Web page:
What does an M&A banker do?
In case there were any misapprehension that senior mergers and acquisitions (M&A) bankers who facilitate the sale and purchase of client companies have an easy life, yesterday's investor day presentation from JPMorgan has hopefully set the record straight.
In his presentation on the workings of the corporate and investment bank (CIB), its CEO Daniel Pinto explained that very few clients frequently pay $50m+ in fees to the bank for an investment banking deal. In fact, around 60% of clients only pay these kinds of fees once every 10 years, said Pinto. Another c20% pay them every 5 to ten years. Only c30% of clients are in the sweetspot of paying $50m+ in fees on a regular basis.
This is why it's also necessary to chase smaller transactions that pay smaller fees, said Pinto. But even these are not always forthcoming. "Many clients will only have a large key event every decade or more," said Pinto. "But even smaller transactions only occur on average every three years.
"You need to do well on both sides of the transaction and we have a share in both wallets," he added.
Pinto's comments won't be much of a revelation to M&A bankers, who are well aware how these things work. Goldman Sachs' former COO Harvey Schwartz famously said it can take seven years for client relationships to generate fees. However, they help underscore why senior M&A bankers spend so much time out of the office schmoozing clients with seemingly little to show for it, and why the all-important metric for success in M&A is the "pipeline" of deals they're nurturing that should hopefully be done, one day. "There are two lies in this world: (1) I love you for your personality and (2) my revenue is not at budget but my pipeline is great,” says a senior banker with long years of pipeline management.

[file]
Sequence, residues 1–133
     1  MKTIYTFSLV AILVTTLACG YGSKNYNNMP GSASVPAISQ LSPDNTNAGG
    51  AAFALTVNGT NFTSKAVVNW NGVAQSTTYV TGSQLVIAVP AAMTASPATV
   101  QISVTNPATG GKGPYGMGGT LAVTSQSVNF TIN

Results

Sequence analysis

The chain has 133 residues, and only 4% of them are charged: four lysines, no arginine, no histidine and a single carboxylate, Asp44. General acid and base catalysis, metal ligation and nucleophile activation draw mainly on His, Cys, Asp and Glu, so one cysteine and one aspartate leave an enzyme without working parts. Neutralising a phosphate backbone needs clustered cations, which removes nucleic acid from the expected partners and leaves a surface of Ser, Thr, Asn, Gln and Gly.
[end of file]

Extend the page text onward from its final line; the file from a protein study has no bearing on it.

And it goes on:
After a difficult year for dealmakers in 2019, Pinto's comments also highlight the potential for the coronavirus to cause further headaches in 2020. If deals are only done very intermittently, why commit in a climate riven with uncertainty? It doesn't help that most banks are curtailing non-essential travel and that clients in affected areas don't want to meet face to face anyway. "People just want to talk on the phone now," says one banker in Italy.
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